Coronavirus infection, ER stress, apoptosis and innate immunity.

Fung TS, Liu DX - Front Microbiol (2014)

Schematic diagram showing the replication cycle of coronavirus and the stages in which ER stress may be induced during coronavirus infection. Infection starts with receptor binding and entry by membrane fusion. After uncoating, the genomic RNA is used as a template to synthesize progeny genomes and a nested set of subgenomic RNAs. The replication transcription centers are closely associated with DMVs, which are proposed to be adopted from the modified ER, possibly by the combined activities of non-structural proteins nsp3, nsp4, and nsp6. The S, E, and M proteins are synthesized and anchored on the ER, whereas the N protein is translated in the cytosol. Assembly takes place in the ERGIC and mature virions are released via smooth-walled vesicles by exocytosis. The three stages that presumably induce ER stress are highlighted with numbered star signs, namely: (1) formation of DMVs, (2) massive production and modification of structural proteins, and (3) depletion of ER membrane during budding.
© Copyright Policy - open-access
Related In: Results  -  Collection

License
Show All Figures
getmorefigures.php?uid=PMC4060729&req=5

Figure 1: Schematic diagram showing the replication cycle of coronavirus and the stages in which ER stress may be induced during coronavirus infection. Infection starts with receptor binding and entry by membrane fusion. After uncoating, the genomic RNA is used as a template to synthesize progeny genomes and a nested set of subgenomic RNAs. The replication transcription centers are closely associated with DMVs, which are proposed to be adopted from the modified ER, possibly by the combined activities of non-structural proteins nsp3, nsp4, and nsp6. The S, E, and M proteins are synthesized and anchored on the ER, whereas the N protein is translated in the cytosol. Assembly takes place in the ERGIC and mature virions are released via smooth-walled vesicles by exocytosis. The three stages that presumably induce ER stress are highlighted with numbered star signs, namely: (1) formation of DMVs, (2) massive production and modification of structural proteins, and (3) depletion of ER membrane during budding.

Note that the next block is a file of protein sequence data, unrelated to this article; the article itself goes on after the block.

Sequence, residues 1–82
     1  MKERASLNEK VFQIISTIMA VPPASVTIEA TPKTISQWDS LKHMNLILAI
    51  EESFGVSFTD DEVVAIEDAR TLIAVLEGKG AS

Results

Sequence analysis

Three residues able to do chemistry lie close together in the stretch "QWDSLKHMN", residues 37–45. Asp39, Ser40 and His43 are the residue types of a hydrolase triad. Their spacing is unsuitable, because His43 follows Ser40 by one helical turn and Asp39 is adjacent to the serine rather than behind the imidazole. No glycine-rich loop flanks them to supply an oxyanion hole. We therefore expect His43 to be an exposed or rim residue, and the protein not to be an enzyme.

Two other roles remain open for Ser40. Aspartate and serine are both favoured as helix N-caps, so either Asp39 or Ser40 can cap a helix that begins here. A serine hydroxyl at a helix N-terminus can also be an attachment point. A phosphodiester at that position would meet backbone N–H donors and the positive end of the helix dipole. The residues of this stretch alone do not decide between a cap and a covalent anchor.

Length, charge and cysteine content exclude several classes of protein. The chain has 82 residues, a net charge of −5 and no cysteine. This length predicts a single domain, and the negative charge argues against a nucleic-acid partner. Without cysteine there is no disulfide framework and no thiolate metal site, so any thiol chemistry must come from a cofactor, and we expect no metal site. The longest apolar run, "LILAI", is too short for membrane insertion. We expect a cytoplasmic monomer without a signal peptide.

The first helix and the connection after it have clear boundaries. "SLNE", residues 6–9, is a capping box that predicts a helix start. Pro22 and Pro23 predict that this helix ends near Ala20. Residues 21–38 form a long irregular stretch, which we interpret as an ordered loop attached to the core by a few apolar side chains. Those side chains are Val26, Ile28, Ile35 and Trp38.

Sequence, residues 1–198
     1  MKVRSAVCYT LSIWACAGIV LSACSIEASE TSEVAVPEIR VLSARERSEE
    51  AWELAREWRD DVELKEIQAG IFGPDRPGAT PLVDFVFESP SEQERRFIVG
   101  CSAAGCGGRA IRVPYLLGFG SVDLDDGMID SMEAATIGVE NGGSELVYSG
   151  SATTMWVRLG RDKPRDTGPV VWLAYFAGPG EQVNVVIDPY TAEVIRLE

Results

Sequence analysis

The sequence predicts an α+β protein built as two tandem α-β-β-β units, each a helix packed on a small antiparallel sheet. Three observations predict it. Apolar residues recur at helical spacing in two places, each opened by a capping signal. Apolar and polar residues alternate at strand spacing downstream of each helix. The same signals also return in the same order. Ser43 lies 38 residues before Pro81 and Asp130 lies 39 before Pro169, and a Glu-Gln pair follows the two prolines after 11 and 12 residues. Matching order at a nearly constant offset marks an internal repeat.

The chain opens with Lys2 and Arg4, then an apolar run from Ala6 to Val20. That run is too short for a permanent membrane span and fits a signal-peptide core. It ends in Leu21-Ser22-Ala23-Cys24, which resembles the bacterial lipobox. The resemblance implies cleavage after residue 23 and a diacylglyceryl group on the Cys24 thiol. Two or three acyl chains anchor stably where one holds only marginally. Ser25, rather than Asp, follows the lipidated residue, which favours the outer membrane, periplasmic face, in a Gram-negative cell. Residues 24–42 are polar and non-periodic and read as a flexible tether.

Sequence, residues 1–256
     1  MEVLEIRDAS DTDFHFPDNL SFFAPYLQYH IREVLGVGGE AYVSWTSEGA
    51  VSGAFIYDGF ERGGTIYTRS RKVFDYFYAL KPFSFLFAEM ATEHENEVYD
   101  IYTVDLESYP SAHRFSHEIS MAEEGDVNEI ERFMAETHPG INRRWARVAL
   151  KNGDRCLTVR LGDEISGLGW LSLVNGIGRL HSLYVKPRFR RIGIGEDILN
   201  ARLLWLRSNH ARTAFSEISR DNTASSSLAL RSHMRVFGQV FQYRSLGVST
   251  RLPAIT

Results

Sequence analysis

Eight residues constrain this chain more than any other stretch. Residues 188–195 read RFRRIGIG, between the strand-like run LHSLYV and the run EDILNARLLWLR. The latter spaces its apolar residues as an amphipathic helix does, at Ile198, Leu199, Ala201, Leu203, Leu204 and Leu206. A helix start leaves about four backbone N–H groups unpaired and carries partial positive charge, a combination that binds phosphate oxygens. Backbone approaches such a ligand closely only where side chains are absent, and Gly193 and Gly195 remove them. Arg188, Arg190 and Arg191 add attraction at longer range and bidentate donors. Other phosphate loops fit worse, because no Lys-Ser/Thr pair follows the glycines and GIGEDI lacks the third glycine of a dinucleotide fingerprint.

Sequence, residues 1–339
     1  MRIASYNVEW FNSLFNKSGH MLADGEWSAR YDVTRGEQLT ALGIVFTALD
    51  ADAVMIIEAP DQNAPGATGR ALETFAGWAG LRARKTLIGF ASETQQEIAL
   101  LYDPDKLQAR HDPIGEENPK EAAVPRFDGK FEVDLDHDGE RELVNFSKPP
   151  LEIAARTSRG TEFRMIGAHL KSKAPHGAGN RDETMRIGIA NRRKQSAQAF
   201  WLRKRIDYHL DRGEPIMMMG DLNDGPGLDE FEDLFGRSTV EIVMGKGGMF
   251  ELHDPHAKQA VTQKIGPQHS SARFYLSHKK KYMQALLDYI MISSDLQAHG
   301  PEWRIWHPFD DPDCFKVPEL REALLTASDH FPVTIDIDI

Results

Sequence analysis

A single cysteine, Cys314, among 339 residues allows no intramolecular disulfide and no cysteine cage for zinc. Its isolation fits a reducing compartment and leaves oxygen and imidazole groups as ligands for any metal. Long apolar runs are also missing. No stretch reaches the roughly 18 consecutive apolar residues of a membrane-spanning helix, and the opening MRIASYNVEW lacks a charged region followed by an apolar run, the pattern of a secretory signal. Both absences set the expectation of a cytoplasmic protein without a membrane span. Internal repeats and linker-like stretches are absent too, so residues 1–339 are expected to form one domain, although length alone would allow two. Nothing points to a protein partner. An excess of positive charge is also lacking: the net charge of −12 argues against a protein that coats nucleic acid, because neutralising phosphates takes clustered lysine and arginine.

Mentions: Coronavirus infection starts with receptor binding via the S protein (Figure 1). The S proteins of most coronaviruses are cleaved by host protease into two functional subunits: an N-terminal receptor binding domain (S1) and a C-terminal domain (S2) responsible for membrane fusion (Huang et al., 2006; Qiu et al., 2006; Yamada et al., 2009). The interaction between the cell surface receptor and the S1 subunit is the major determinant of the tropism of coronaviruses (Kuo et al., 2000). Upon receptor binding of S1, a conformational change is triggered in the S2 subunit, exposing its hidden fusion peptide for insertion into the cellular membrane. This is followed by the packing of the two heptad repeats in the three monomers into a six-helix bundle fusion core. This close juxtaposition of the viral and cellular membrane enables fusion of the lipid bilayers, and the viral nucleocapsid is thus delivered into the cytoplasm (Masters, 2006).

Bottom Line: Accumulating evidence from recent studies has shown that induction of ER stress and UPR may constitute a major aspect of coronavirus-host interaction.Activation of the three branches of UPR modulates a wide variety of signaling pathways, such as mitogen-activated protein (MAP) kinase activation, autophagy, apoptosis, and innate immune response.In this review, we summarize the current knowledge on coronavirus-induced ER stress and UPR activation, with emphasis on their cross-talking to apoptotic signaling.

View Article: PubMed Central - PubMed

Affiliation: School of Biological Sciences, Nanyang Technological University Singapore, Singapore.

ABSTRACT
The replication of coronavirus, a family of important animal and human pathogens, is closely associated with the cellular membrane compartments, especially the endoplasmic reticulum (ER). Coronavirus infection of cultured cells was previously shown to cause ER stress and induce the unfolded protein response (UPR), a process that aims to restore the ER homeostasis by global translation shutdown and increasing the ER folding capacity. However, under prolonged ER stress, UPR can also induce apoptotic cell death. Accumulating evidence from recent studies has shown that induction of ER stress and UPR may constitute a major aspect of coronavirus-host interaction. Activation of the three branches of UPR modulates a wide variety of signaling pathways, such as mitogen-activated protein (MAP) kinase activation, autophagy, apoptosis, and innate immune response. ER stress and UPR activation may therefore contribute significantly to the viral replication and pathogenesis during coronavirus infection. In this review, we summarize the current knowledge on coronavirus-induced ER stress and UPR activation, with emphasis on their cross-talking to apoptotic signaling.

No MeSH data available.


Related in: MedlinePlus